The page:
ICT minister vows to 'never curb rights'

ICT minister vows to 'never curb rights'

"We won't take legal action against these people. But if they do it again and a third party presses charges, we need to abide by the law," says Mr Uttama at a briefing on Thursday. (Photo by Tawatchai Kemgumnerd)

The Information and Communication Technology Ministry has reiterated the official stand that there is no progress in the single gateway plan and that the government will "never restrict rights or interfere with social media use".

The single gateway was intended to protect Thai youth so they can browse the web and use IT technology appropriately and constructively, ICT Minister Uttama Savanayana said at a press conference on Thursday.

"The prime minister is worried about children and young people who use technologies and the internet without an appropriate framework or scope, and he has asked related agencies to come up with measures," he said.

Earlier, Deputy Prime Minister Prajin Juntong cited cost savings on IT infrastructure as the reason for the consolidation.

Thailand now has 10 international internet gateways, with total international bandwidth of 1,954 gigabits per second as of Sept 7, according to Nectec data

The ICT held a briefing on Thursday after an online protest against the plan by a group of internet users.

They campaigned for netizens to repeatedly refresh the home pages of government websites at the same time, starting with the ICT Ministry's.

The distributed denial of service attack made access to the web pages very slow or temporarily unavailable.

Besides the ICT Ministry, the targeted websites were those of CAT Telecom, TOT Plc, Defence Permanent Secretary Office, Royal Thai Armed Forces headquarters, Prime Minister's Office, Internal Security Operations Command and Government House.

Mr Uttama admitted the number of hits on the ICT Ministry's website shot up to 100,000 on Wednesday compared to 6,000 a day on average.

He said the online protest was a symbolic expression against the single gateway plan and was not a malevolent attack.

"In any case, it affected people seeking information on the websites who had nothing to do with the protest," he said.

The ICT Ministry is open to suggestions and has no policy to curb the rights and liberties that Thai internet users currently have, he added.

"We also have plans to expand broadband coverage so all sectors can access the internet and to upgrade the country's digital infrastructure as a tool for development.

"We urge all to think again about others who might want to use the service of websites," he said.

"We won't take legal action against these people. But if they do it again and a third party presses charges, we need to abide by the law," he said.

But police said late on Thursday they would press charges against the participants and the organisers of the campaign.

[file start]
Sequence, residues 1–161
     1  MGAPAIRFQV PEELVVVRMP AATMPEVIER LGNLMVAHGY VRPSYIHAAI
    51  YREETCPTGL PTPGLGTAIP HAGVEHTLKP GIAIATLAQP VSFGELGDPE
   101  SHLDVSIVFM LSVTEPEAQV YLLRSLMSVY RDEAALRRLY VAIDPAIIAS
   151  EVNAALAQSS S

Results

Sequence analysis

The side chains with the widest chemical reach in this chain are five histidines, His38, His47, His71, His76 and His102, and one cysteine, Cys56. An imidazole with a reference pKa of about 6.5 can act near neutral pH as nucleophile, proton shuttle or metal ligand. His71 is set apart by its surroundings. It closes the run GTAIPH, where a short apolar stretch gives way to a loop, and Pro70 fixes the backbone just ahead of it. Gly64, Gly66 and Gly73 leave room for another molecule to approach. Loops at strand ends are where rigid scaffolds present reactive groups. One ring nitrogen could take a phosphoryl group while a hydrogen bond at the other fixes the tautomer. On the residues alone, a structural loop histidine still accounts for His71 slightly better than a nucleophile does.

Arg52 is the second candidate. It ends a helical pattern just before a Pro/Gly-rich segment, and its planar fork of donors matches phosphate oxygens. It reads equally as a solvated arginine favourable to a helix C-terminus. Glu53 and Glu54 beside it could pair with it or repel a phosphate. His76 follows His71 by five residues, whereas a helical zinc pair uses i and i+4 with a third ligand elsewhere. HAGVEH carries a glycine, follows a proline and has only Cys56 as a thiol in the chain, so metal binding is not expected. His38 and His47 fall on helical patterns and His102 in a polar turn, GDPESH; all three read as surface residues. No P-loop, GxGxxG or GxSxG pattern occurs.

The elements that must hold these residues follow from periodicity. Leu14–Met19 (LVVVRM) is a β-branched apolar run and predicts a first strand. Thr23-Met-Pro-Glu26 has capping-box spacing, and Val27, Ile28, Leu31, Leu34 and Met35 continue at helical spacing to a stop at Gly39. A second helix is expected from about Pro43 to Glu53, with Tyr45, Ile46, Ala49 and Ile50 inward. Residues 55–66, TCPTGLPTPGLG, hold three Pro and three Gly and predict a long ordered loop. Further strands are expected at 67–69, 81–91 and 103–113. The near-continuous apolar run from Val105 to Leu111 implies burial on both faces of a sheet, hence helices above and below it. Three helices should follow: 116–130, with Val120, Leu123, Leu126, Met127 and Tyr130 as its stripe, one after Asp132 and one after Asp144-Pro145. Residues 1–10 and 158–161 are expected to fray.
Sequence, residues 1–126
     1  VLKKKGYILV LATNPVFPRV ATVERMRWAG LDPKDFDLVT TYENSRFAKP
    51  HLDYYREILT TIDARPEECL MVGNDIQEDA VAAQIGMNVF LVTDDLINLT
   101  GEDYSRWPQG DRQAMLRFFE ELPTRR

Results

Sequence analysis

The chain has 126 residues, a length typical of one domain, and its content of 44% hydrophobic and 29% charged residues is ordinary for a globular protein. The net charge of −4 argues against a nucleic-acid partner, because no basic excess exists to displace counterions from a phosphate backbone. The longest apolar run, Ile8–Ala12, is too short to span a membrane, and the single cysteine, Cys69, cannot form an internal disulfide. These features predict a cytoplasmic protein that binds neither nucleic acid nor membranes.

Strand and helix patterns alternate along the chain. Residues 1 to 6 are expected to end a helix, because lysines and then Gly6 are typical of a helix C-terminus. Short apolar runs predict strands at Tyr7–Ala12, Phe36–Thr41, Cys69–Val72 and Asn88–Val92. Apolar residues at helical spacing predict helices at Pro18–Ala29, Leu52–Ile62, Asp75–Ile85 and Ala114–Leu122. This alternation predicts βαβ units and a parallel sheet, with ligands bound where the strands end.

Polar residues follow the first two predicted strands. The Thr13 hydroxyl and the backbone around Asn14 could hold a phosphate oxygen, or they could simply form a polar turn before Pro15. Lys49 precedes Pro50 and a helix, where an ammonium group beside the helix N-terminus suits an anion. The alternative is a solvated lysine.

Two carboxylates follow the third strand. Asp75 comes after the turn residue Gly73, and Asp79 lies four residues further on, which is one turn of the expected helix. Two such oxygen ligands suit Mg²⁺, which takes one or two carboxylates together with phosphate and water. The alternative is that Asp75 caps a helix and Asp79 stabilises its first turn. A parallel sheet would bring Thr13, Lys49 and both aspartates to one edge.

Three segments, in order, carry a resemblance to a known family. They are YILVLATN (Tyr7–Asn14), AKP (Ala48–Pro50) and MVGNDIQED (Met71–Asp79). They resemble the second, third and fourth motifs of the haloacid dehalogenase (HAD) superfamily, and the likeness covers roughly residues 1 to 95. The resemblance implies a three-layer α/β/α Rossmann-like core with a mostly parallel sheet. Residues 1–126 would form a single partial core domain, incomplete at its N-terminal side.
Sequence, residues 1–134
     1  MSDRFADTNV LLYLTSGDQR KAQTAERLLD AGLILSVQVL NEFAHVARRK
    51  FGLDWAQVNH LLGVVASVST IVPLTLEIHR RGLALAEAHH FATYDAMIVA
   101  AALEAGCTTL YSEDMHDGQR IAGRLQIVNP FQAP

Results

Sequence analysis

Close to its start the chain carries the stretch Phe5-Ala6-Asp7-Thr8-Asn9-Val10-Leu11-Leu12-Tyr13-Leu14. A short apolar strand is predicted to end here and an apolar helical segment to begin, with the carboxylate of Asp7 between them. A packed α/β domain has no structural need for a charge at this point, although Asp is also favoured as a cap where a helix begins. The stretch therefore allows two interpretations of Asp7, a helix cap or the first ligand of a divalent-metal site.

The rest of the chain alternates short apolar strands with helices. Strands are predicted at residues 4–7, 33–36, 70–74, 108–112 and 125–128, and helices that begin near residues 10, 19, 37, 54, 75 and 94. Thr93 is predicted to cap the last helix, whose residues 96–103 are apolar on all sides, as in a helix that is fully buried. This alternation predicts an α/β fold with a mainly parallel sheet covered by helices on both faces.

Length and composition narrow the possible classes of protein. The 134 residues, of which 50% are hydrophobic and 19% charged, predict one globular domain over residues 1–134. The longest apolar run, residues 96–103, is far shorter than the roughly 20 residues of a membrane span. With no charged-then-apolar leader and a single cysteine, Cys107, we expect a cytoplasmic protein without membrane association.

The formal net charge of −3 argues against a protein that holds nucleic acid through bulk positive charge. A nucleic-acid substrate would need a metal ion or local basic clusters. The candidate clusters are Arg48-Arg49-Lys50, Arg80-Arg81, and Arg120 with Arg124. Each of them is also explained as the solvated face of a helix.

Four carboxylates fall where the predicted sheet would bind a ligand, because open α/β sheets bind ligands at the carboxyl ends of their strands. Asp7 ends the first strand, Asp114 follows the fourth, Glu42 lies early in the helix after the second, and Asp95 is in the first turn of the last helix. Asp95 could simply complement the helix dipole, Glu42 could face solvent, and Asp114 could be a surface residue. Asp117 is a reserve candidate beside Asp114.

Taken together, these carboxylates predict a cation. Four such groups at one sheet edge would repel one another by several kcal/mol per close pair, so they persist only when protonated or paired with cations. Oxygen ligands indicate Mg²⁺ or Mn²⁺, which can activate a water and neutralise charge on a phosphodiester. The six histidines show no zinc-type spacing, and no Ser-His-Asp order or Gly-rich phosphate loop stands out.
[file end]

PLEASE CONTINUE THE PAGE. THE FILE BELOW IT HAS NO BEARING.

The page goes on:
The Technology Crime Suppression Division is evaluating the damage after a distributed denial of service paralysed them, said Pol Lt Gen Prawut Tavornsiri, acting technological crime and forensics adviser, said on Thursday.

"They will be charged with violating Section 10 or Section 13 of the Computer Crime Act," he said.

Section 10 provides any person who illegally commits any act that causes the working of a third party's computer system to be suspended, delayed, hindered or disrupted to the extent that the computer system fails to operate normally shall be subject to imprisonment for no longer than five years or a fine of not more than 100,000 baht, or both.

According to Section 13, any person who sells or disseminates sets of instructions developed as a tool used in committing an offence under ... Section 10 ... shall be subject to imprisonment for not more than one year or a fine of not more than 20,000 baht, or both.

"It caused damage and obstructed state operations," he said.

An expert views the case as unprecedented and there is a possibility the court views it as an illegal act.

"A person using a special program to attack a website breaches the law. It depends on whether the court views accessing a website by people is considered illegitimate too," he added.

Authorities backpedalled from the original decision to proceed with the single gateway after a leaked document created an uproar among internet users. They have since claimed the project is just being studied and the cabinet has not decided yet whether to go ahead with it.

Also on Thursday, the ministry announced the graduation of another batch of "cyberscouts" who completed a course held by the ministry.

The cyberscout project recruits students and young volunteers to monitor online content that could be deemed potentially offensive to national security and the monarchy.

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